urban chickens

4. Tupelo Honey Cafe’s impending renovation of the historic train depot and subsequent reincarnation as a wonderful new eatery AND the upcoming One Acre Cafe has both teams talking about working with local growers and farmers to source some of the food they’ll be cooking up for us all. That’s good news for ALL of us, but this news is like another Christmas gift for me… a gift that will keep on giving as these establishments not only make old places new again, but provide long-lasting job opportunities for local growers.

5. One final positive thing I’d like to share: I’ve had not one, but TWO different friends tell me of their immediate plans to convert their front yard lawns from grass-cutting places to food-growing spaces. I emailed the city’s ‘development director’ a few months ago asking if it was legal to do so, and got a resounding YES, NO PROBLEM! (I saved the email reply, just in case you know) So, even though we’re still getting harassed about chickens in the backyard, at least you can grow food in the front. So many edible plants are beautiful, that it wouldn’t be hard at all to make your landscape edible and attractive. Perhaps it’s not too late to ask Santa for a new red shovel  and some blueberry bushes?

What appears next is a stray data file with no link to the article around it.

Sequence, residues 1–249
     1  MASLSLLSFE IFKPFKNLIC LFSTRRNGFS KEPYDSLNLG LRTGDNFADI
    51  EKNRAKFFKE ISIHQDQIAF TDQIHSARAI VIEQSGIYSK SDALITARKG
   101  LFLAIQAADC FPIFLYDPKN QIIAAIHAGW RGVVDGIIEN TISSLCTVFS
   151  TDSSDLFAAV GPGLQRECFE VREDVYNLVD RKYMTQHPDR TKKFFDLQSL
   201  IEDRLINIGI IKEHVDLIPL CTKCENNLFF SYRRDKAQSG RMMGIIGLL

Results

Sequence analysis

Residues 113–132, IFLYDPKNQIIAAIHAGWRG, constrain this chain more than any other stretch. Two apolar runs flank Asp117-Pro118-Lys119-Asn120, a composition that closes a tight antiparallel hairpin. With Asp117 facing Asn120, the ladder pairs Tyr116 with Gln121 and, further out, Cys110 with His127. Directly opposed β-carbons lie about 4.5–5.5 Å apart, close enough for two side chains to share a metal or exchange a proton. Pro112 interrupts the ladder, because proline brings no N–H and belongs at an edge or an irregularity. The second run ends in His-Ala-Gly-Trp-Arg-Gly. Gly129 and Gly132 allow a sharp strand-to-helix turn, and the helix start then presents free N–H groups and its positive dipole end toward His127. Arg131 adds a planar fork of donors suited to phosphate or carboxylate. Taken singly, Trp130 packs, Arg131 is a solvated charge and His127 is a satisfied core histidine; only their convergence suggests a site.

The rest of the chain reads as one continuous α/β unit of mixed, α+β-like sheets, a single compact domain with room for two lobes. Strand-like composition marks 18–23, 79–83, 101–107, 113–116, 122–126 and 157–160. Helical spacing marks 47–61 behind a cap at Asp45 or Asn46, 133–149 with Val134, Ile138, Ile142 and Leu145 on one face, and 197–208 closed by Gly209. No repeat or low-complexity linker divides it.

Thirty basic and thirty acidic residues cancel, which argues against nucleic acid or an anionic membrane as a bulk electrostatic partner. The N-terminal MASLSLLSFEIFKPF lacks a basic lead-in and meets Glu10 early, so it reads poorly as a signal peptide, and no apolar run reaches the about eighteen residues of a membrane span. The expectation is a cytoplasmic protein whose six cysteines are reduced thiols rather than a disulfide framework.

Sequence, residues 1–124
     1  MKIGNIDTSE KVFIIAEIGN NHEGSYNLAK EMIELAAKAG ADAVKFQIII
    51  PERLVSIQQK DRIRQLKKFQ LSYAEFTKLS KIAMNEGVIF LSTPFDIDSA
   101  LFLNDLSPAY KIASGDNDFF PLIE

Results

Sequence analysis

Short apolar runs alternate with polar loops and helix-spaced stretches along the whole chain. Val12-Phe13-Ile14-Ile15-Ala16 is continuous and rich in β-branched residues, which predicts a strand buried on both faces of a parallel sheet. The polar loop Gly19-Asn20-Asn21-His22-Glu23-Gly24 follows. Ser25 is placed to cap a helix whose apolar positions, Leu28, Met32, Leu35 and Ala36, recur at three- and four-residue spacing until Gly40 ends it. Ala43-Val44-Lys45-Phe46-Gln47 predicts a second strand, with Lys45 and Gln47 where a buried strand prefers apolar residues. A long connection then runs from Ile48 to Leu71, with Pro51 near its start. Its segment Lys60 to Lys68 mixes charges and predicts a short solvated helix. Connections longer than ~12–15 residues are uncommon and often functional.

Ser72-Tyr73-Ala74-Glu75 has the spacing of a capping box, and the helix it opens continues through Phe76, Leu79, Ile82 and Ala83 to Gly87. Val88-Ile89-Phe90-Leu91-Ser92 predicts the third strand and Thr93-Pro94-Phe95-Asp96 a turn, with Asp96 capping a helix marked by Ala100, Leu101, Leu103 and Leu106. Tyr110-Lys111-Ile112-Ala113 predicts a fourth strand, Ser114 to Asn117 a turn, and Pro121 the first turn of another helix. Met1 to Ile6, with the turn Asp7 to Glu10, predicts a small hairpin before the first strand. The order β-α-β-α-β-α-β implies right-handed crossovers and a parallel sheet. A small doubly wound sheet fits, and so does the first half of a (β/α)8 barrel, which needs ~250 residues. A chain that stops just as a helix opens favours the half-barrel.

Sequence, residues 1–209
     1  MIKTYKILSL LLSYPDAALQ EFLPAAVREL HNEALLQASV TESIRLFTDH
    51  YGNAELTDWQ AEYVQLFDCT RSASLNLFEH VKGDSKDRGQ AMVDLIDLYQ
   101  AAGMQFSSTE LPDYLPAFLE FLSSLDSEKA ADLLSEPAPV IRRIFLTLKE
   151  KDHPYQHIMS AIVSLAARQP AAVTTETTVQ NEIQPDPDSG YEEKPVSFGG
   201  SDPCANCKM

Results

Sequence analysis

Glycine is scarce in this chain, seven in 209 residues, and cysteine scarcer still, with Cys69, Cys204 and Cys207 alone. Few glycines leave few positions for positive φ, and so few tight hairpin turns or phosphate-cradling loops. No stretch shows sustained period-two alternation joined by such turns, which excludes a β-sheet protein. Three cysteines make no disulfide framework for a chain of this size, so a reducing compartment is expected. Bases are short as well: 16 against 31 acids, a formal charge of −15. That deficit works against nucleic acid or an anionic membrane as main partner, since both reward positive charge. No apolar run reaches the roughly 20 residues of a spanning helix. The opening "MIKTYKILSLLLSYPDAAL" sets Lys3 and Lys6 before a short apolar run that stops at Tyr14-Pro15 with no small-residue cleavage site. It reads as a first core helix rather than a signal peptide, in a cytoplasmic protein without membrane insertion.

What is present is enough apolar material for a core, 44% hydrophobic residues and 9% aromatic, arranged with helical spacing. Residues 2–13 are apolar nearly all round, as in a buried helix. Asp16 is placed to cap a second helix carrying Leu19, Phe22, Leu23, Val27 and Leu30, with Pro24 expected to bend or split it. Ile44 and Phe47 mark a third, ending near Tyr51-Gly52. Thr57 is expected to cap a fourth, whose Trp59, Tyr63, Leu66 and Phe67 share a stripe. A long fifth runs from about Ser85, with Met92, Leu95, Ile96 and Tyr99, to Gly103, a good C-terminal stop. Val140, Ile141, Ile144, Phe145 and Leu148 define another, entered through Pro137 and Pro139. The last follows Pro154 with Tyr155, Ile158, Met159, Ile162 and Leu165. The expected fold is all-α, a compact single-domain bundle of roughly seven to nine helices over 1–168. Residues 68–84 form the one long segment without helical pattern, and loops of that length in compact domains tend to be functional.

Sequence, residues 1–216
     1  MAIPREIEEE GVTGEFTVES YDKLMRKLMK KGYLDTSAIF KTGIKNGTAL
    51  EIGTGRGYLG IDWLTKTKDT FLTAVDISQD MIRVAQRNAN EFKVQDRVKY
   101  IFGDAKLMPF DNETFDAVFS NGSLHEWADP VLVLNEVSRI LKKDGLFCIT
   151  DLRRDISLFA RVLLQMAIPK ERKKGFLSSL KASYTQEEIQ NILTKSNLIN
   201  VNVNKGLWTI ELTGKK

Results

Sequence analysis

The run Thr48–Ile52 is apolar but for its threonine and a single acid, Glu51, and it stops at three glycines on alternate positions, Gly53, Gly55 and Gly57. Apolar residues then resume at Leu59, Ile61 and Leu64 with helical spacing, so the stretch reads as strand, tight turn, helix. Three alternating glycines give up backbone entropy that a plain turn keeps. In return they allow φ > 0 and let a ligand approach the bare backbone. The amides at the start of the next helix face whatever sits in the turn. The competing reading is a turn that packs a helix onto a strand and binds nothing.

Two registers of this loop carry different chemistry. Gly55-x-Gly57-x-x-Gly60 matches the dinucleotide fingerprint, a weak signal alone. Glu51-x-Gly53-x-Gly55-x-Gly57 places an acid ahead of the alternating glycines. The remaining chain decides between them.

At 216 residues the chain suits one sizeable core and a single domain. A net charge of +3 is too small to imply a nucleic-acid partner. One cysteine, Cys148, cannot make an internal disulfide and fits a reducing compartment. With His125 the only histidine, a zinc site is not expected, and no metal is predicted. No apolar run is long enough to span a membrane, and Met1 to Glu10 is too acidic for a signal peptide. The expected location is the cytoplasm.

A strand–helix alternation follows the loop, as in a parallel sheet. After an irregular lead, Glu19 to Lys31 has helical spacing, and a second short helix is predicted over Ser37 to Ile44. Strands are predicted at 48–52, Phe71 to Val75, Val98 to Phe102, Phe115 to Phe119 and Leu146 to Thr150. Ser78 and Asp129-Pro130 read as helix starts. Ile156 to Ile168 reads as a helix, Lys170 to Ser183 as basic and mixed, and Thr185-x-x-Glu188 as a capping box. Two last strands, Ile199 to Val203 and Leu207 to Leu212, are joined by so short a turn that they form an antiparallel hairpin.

front_yard_garden_large